What should property investors do — hold or sell?

There’s been a fair amount of talk about negatively geared landlords, and whether they might need to sell property during the rental market disruption.

ResellYou should never judge a 20-30 year investment on what’s happening right now, but it’s nevertheless worth taking a look at the current state of play.

With the Airbnb sector effectively shuttered at the present time some areas have seen a 5 to 10 per cent jump in rental listings as landlords seek tenants, especially in areas that are generally popular with students, holidaymakers, or short-stay lets.

With the borders also effectively closed to New Zealanders, tourists from China and India, and international students, there’s likely to be a scramble for tenants over the coming months.

On the flip side, of course, Aussies aren’t heading overseas either, so the net effect is less pronounced.


The New South Wales State Government looks set to do its part with the apartment overhang by buying up unsold new apartments from developers.

The compensating good news for landlords is that some of the available mortgage rates have plunged over recent months.


The latest figures aren’t available yet, but when they are they’ll probably show that interest cost serviceability is back to where it was about 35 years ago.


Some of the ‘rack rate’ variable mortgage rates are still unreasonably high for investors, but for those taking a moment to shop around rates may now be very low indeed.


New owner-occupiers can secure mortgages from close to 2 per cent in some cases, while rates tend to be higher for investors.

A lot of the statistics quoted on the number of negatively geared landlords are years out of date (the figure was 1.3 million in 2016-17, but interest rates have nosedived since then, so the figure would be lower today).


Even assuming flat rents, a stylised model suggests that net rental losses will now be the lowest in years.


Most investors own one rental property, and the average net rental losses will probably be about $1,000 to $1,500.


The detailed Australian Taxation Office statistics do show that many of those investors aged between 30 and 60 choose to hold an investment property with a reportable net rental loss of between $5,000 and $10,000 per annum, partly to reduce their income tax payable.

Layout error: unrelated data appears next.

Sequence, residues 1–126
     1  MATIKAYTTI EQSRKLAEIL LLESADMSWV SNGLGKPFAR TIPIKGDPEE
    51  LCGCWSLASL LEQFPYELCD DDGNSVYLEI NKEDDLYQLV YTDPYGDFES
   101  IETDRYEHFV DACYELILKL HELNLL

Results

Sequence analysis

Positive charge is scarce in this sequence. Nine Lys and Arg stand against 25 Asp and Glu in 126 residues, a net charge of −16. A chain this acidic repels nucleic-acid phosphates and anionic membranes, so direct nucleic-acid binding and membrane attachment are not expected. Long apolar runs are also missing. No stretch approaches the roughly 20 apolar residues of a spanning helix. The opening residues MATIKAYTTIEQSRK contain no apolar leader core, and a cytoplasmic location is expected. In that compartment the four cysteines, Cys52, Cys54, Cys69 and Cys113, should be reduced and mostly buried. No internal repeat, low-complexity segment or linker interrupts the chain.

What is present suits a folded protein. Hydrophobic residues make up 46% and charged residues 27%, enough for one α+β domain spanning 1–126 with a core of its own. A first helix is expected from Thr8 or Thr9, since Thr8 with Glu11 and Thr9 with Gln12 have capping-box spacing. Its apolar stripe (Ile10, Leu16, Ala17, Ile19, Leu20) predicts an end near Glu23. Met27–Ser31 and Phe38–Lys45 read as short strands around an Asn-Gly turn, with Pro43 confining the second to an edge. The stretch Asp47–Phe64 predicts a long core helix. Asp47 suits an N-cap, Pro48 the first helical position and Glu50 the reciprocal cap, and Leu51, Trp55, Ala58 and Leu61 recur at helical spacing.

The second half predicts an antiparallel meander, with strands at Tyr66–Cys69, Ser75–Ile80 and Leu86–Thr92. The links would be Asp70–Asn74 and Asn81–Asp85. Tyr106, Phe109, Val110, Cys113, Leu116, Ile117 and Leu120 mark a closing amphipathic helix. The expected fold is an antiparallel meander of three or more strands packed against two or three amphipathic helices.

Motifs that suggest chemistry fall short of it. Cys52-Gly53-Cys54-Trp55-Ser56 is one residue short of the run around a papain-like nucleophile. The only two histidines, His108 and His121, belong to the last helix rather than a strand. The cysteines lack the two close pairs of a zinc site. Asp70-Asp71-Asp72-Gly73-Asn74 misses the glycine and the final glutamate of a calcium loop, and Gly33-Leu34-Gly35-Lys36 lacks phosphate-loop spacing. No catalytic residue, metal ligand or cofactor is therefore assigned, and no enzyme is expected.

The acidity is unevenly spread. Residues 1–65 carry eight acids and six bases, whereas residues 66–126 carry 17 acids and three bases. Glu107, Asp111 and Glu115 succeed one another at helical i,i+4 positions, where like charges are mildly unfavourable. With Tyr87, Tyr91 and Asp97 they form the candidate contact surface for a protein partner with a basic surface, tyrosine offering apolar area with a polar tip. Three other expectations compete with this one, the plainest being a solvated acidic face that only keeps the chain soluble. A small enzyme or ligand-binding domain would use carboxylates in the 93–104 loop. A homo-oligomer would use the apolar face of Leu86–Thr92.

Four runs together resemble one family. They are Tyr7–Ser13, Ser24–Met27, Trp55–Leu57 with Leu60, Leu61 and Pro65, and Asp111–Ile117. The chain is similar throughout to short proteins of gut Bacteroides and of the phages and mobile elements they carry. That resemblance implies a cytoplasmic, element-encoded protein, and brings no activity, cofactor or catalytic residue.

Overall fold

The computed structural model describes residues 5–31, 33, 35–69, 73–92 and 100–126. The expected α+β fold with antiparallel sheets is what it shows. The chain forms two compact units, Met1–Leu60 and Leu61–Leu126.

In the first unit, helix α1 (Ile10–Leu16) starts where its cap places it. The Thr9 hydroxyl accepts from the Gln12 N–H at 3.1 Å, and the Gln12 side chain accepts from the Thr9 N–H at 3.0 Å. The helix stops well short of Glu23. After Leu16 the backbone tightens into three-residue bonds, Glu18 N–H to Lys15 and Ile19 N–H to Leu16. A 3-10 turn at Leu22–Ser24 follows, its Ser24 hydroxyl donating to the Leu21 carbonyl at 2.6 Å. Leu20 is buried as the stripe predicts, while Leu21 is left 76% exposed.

Generally this cohort tends to be the white collar set, earning solid incomes in relatively speaking more secure positions.

Depreciation report (MCG)

Moreover, the net rental loss reported to the ATO is not the same thing as the investor’s cashflow.

In fact it’s possible to be negatively geared from a taxation perspective but still to have a positive cashflow, due to on-paper depreciation benefits and capital allowances.

MCG’s 1000 Assets 2020 report showed that there was a big increase in investors buying new property over a period of four years through the construction boom.

These investors tend to receive very significant depreciation benefits, but I expect there will many investors in this cohort facing negative equity as brand new property tends to…well, depreciate.

MCG’s study also found that investors have become more aware of depreciation benefits, and as a result they’re claiming deductions sooner than they used to.


Some property investors will choose to sell, of course.

But the number of forced sellers will be lower than otherwise would’ve been the case due to record low mortgage rates, while borrowers have also been extended the option to switch to interest-only loans or take a 6-month repayment holiday.


A couple of years ago many reports suggested that the interest-only reset would lead to a spike in mortgage arrears, but owners adapted and arrears barely moved.


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Pete Wargent


Pete is a Chartered Accountant, Chartered Secretary and has a Financial Planning Diploma. Using a long term approach to building businesses, investing in equities, & owning a portfolio he achieved financial independence at the age of 33. Visit his blog

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